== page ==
It may be just starting to get into the season season, but it’s not too early to start thinking about your garden. If seeds are as scarce as last year, hopefully you’ve already been making some plans. Here is Joanna Miller at The Organic Prepper with Growing Vegetables Is Back in Style: Here’s How to Start Planning Your Garden to get your thoughts moving in the right direction.
Whether you celebrate St. Bridget’s Day, Candlemas, Imbolc, or Groundhog Day, February 2 is coming up. For those of us active in gardening and raising animals in the Northern hemisphere, this means it’s time to think about spring. And that means garden planning!
The pandemic has caused one very positive resurgence: growing food is back in style and no longer the purview of hippies or those crazy preppers.
Last year saw a record amount of people start gardens
Between the cost of food, grocery shortages, and sheltering in place, it comes as no surprise that many Americans have turned to gardening. And they’re doing it not only to keep themselves busy, but also to keep themselves and their families fed during these turbulent times. More people than ever are learning that not only does gardening produce food, but it also soothes the soul.
However, as the Wall Street Journal pointed out in an article about wannabe homesteaders, many people found out that gardening was a little more complicated than Michael Bloomberg said. ( “I could teach anybody, even people in this room, to be a farmer. It’s a process. You dig a hole, you put a seed in, you put dirt on top, add water, up comes the corn.” 2016-Bloomberg)
Thousands of quarantined Americans planted vegetables last spring, striking a blow for hope just as their World War II-era forebears did with home-front Victory Gardens.
Six months later, many are admitting defeat.
“My tomatoes look like a Dr. Seuss plant,” said Doni Chamberlain, a 64-year-old blogger in Redding, Calif. “It might not have helped that I planted them in a kiddie pool.”
Daisy has an article about the year she and a friend tried to raise a homegrown Thanksgiving, and some other tips for what you can do if the garden you’re relying on fails.
Garden planning varies widely based on your location.
I have gardened with varying degrees of success in the Chicago suburbs, Houston suburbs, and now on the High Plains in Colorado. What works in one area will often not work in another, and the first thing to do is to ask yourself what will grow well in your area.
For example, some tomatoes will grow just about anywhere, but timing and varieties will vary greatly between regions. In Illinois, you start tomatoes from seed in March, then plant them out sometime between Mother’s Day and Memorial Day. We grew all kinds of tomatoes in Illinois. We could grow cherry tomatoes or those big beautiful slicing tomatoes.
I soon realized I needed to change my view when it came to tomatoes
When I moved to Houston, the tomatoes I planted in May didn’t produce a darn thing the first year. I did some reading and found that tomatoes won’t set fruit if the temperature is above 95 degrees Fahrenheit during the day and doesn’t drop below 75 at night. Well, in Houston, that’s at least from May to October.
So the next year, I started the seeds in January and put them out on Valentine’s Day. Sure enough, the fruits set in March and April, before the heat hit, and we spent June and July picking tomatoes.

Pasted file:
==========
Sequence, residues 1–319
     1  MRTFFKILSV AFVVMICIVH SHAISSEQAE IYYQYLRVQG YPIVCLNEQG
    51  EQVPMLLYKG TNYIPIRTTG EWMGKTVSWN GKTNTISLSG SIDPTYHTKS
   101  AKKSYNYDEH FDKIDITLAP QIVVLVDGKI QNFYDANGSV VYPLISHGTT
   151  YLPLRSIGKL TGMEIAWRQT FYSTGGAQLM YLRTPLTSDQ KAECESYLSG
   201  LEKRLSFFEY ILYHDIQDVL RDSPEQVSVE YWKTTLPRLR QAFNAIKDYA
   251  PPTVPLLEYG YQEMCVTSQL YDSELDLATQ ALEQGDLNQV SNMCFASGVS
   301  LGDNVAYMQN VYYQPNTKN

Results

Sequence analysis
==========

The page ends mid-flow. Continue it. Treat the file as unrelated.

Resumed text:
I found that I needed to explore different varieties and experiment
I tried both cherry and slicing tomatoes. The cherry tomatoes exploded; I’m not sure if I ever grew a slicing tomato. While living in Houston, I assumed it was too hot to grow the slicing tomatoes and contented myself with the cherries.
I gardened for five years in Houston before moving to Colorado and became very proficient. We only had a little suburban lot, but it was quite productive. When we moved to Colorado, I wondered if I’d be able to grow bigger tomatoes, like I had growing up in Illinois. I planted the same cherry tomato variety I’d grown in Houston, and also some Brandywine tomatoes. The cherry tomatoes did okay, but I didn’t get one Brandywine.
I went back to online searches and gardening books.
It turns out bigger tomatoes need relatively constant temperatures to set fruit. The 85 degree days and 65 degree nights in Illinois were perfect; the 90 degree days and 55 degree nights in Colorado, not so much. A certified organic vegetable gardener lives two miles away from me, and she grows beautiful large tomatoes, but she grows them in a hoop house, which moderates the temperature.
It took me a few years of experimenting to find that Principe Borghese are the tomatoes for me to grow. They do well in the hot, dry weather and are perfect for sun-drying. I now get plenty of tomatoes every year, but it didn’t happen right away. It took some research in the form of flipping through books and asking neighbors. It took a lot of patience.
Gardening is a skill learned by trial and error.
It takes time to find what works in your area, and even then, disaster can strike.
We had a warm, wet spring in 2020. Our last freeze was in April, and we didn’t get one May snowstorm. I had plenty of fruit set throughout June and thought the year would be great. Well, early in July, we had twenty minutes of marble-sized hail and 50 mph winds. My garden was in tatters. The hailstorm knocked my tomatoes and cucumbers off the vines and tore my corn and squash to ribbons.
I say this not to discourage anyone, but to show that gardening always turns into more of an adventure than people expect. If you stick with it and find what works, you will usually come out ahead in terms of food and fun versus time and energy. But like any sincere endeavor, there will be occasional spectacular failures.
However, I have had occasional unexpected successes as well
This year, the hailstorm didn’t affect a new plant I had tried. I had read about ground cherries in the Laura Ingalls Wilder books. Ground cherries are native to North America, and they look kind of like tomatillos though they taste very sweet. The fruit grows underneath thick leaves in a papery husk. So while the hail bruised the thick leaves, they protected the fruit underneath. I didn’t lose fruit in that hailstorm and was pleasantly surprised later in the season by the plants’ heavy production.